Rape kit tracking, lead testing and ballot selfies: Here are the bills the Assembly is leaving to die

The state Assembly finished its regular business for the year on Thursday, leaving bills still needing the house’s approval to die.

Another floor period was approved March 24, 25 and 26, during which the state Senate will meet for the final time, though no Assembly sessions are scheduled.

By not meeting again, the Assembly won’t be able to send bills that made it through the Senate to the governor, including the following:

Rape kit tracking: This bill would have created an online system for victims of sexual assault to track the progress of their rape kit in the testing process.

Stalking: This bill would have modified the definition of stalking to include texting and online interactions.

Ballot selfies: This bill would have removed the felony penalty for a person who showed someone – or snapped a selfie with – their marked ballot.

Ignition interlock: This bill would have changed current law for first-time OWI offenders requiring courts to order that the person’s operating privilege be restricted to operating motor vehicles that are equipped with an IID, but need not order that a person’s motor vehicles be equipped with an IID.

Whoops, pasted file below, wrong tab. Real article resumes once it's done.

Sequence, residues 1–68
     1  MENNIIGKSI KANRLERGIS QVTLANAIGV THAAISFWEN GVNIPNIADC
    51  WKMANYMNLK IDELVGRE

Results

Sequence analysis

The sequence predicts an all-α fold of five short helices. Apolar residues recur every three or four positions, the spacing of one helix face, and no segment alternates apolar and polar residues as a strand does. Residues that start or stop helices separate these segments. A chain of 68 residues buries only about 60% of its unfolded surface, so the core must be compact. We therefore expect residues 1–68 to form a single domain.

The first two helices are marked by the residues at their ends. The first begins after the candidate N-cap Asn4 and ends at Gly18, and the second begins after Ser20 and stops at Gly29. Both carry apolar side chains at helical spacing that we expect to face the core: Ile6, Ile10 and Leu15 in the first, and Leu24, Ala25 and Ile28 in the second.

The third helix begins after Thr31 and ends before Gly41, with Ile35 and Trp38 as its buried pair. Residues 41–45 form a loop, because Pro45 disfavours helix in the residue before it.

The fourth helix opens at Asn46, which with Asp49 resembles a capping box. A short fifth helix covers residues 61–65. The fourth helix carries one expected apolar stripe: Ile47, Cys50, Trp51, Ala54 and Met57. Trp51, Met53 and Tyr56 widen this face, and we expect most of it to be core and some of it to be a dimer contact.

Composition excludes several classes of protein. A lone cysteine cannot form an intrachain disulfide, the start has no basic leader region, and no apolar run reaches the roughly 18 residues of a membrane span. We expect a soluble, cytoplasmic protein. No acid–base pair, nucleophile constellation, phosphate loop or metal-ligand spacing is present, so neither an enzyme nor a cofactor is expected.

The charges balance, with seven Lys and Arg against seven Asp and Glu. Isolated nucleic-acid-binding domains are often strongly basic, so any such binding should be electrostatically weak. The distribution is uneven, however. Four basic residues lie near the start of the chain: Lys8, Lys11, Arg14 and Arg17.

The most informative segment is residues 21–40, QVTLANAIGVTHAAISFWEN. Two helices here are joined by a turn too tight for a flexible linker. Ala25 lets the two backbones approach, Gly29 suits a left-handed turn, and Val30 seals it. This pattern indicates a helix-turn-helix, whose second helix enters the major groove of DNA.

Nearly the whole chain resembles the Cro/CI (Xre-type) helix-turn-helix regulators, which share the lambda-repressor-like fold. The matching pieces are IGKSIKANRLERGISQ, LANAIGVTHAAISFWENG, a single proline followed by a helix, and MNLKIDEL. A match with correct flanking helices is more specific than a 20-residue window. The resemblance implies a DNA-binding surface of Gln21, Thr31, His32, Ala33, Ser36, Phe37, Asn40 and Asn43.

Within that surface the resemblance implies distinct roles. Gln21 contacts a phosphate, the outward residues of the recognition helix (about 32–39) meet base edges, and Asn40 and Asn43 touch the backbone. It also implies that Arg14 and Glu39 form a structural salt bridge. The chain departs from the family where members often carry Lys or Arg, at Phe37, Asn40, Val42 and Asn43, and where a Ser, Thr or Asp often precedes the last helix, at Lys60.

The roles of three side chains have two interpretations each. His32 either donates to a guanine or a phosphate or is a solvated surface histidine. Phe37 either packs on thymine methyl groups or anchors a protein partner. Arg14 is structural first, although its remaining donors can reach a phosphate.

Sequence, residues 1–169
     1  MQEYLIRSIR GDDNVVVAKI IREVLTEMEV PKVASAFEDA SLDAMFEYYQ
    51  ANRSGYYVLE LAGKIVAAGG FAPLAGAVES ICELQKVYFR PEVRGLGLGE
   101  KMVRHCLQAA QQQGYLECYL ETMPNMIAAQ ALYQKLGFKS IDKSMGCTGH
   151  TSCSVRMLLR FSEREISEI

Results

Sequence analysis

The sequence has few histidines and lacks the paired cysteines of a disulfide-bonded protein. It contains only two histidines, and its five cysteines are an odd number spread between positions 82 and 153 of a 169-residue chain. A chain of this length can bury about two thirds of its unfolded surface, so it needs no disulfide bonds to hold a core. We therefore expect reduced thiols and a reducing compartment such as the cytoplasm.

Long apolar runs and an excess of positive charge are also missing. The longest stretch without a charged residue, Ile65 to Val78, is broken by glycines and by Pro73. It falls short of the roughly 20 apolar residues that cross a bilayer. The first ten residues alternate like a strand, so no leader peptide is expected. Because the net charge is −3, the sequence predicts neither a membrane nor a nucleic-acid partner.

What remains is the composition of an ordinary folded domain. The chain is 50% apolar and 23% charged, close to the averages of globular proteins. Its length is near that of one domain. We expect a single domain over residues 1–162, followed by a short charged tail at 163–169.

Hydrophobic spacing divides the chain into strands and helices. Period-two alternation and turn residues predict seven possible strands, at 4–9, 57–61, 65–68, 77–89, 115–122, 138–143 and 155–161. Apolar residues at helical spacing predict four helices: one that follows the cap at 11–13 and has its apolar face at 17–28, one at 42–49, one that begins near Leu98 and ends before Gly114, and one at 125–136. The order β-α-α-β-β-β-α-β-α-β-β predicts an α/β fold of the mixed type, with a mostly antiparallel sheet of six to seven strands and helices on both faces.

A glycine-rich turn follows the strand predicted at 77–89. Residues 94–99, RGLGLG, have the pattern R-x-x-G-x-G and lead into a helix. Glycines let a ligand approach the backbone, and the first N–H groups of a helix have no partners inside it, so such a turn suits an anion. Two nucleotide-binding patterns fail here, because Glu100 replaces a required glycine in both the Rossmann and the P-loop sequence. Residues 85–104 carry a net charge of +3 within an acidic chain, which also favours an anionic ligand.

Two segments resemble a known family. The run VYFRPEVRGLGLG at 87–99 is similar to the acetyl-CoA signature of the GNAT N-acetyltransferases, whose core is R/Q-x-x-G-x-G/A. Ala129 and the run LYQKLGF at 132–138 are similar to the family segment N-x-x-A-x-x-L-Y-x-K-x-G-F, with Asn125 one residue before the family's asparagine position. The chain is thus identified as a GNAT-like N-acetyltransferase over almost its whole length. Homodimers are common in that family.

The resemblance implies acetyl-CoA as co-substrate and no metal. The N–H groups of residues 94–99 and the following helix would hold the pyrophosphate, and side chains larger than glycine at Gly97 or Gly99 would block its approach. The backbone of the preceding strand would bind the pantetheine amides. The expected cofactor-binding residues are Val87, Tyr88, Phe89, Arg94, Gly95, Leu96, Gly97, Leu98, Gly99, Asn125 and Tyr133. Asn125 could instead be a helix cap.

Childcare lead testing: This bill would have required child care centers, child care providers, and recreational and educational camps to test for lead in drinking water and to provide potable water if lead contamination is found in order to stay certified.

Policing grants: This bill would have created grants for municipalities for costs associated with additional policing to address automobile theft and carjacking.

The Senate is scheduled to meet one more time for the year and will need to pass bills from the Assembly in order to send them to the governor. Some of those are as follows:

Pharmacists prescribing birth control: This bill allows pharmacists to prescribe and dispense hormonal birth control.

Pre-existing conditions: This bill protects coverage of pre-existing conditions by health insurance.

Worker’s comp and PTSD: This bill aims to make it easier for law enforcement to file claims with the Worker’s Compensation Fund for treatment for Post-Traumatic Stress Disorder. The Senate passed a version of this already, but it still needs to approve an amendment passed in the Assembly.

Agriculture tax credit: This bill creates an income tax credit for farm building construction for people who make at least $35,000 a year from farming.


Some bills News 3 Now covered never got a debate in either chamber:

Referee harassment: This bill would have created penalties for those who harass sports officials.

First offense OWI criminalization: This bill criminalizes the first OWI offense. Currently, the first offense is a civil violation.

Pelvic exams: This bill would have required hospitals to have and enforce a policy requiring written and verbal informed consent before a medical student performs a pelvic exam on an unconscious or anesthetized patient.

Colby cheese: This bill would have made Colby the state cheese of Wisconsin.